# If ${1+x^2=\sqrt3x}$, then $\sum_{n=1}^{24}(x^n-\frac{1}{x^n})$

If ${1+x^2=\sqrt3x}$, then

$\sum_{n=1}^{24}(x^n-\frac{1}{x^n}) \hspace{5mm} ?$

The attempt at solving:

First on solving the quadratic, $$x = \frac{\sqrt3+i}{2} \hspace{5mm} \mbox{ or } \hspace{5mm} x=\frac{\sqrt3-i}{2}$$ Then I put them in Euler's form: $${e^{i\frac{\pi}6}} \hspace{5mm} \& \hspace{5mm} {e^{i\frac{-\pi}6}}.$$ Then the summation is then: $$\sum_{n=1}^{24}({e^{i\frac{npi}6}}-{e^{i\frac{-npi}6})} = \sum_{n=1}^{24}[2i \,{\sin(n\theta)]}$$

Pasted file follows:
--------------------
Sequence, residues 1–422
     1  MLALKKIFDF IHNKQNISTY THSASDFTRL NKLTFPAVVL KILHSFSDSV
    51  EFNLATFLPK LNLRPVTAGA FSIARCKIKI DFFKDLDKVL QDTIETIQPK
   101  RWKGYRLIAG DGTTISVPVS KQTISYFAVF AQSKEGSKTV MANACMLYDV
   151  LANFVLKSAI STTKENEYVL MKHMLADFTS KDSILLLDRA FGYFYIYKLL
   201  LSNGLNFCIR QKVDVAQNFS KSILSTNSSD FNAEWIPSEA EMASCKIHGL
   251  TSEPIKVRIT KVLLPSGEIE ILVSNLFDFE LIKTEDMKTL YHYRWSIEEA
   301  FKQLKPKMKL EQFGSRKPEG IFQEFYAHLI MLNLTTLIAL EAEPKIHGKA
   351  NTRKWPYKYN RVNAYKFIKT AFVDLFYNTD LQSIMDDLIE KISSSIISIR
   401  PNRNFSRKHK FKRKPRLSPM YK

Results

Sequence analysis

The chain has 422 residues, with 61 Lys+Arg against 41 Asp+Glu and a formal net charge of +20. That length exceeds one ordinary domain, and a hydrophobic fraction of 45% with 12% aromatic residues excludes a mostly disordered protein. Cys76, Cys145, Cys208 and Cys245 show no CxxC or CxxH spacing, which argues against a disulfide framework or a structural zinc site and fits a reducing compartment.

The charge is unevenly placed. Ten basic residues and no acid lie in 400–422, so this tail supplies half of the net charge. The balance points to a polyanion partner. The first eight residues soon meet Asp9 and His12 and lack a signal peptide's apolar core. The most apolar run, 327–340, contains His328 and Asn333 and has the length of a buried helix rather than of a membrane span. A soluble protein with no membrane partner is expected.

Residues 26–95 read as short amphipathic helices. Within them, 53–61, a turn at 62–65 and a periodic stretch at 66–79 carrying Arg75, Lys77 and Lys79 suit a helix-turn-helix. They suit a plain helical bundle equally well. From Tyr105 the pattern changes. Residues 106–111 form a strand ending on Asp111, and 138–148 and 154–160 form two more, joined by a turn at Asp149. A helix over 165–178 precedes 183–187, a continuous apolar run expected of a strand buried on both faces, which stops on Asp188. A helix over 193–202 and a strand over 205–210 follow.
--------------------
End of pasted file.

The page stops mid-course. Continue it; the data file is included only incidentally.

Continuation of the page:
EDIT: Earlier I thoght my answer was wrong as it didn't match with the textbook but I have got it now.

• Comments are not for extended discussion; this conversation has been moved to chat. – Jyrki Lahtonen Dec 6 '16 at 8:24

You correctly solved that $x=e^{\pm \pi i/6}$. This implies that $x^{24}=e^{4\pi i}=1$.
By the formula for a geometric sum $$\sum_{n=1}^{24}x^n=\frac{x-x^{25}}{1-x}=\frac{x(1-x^{24})}{1-x}=\frac{x(1-1)}{1-x}=0.$$
I leave it to you to calculate the sum $-\sum_{n=1}^{24}x^{-n}$. It seems to me that your textbook has the wrong answer.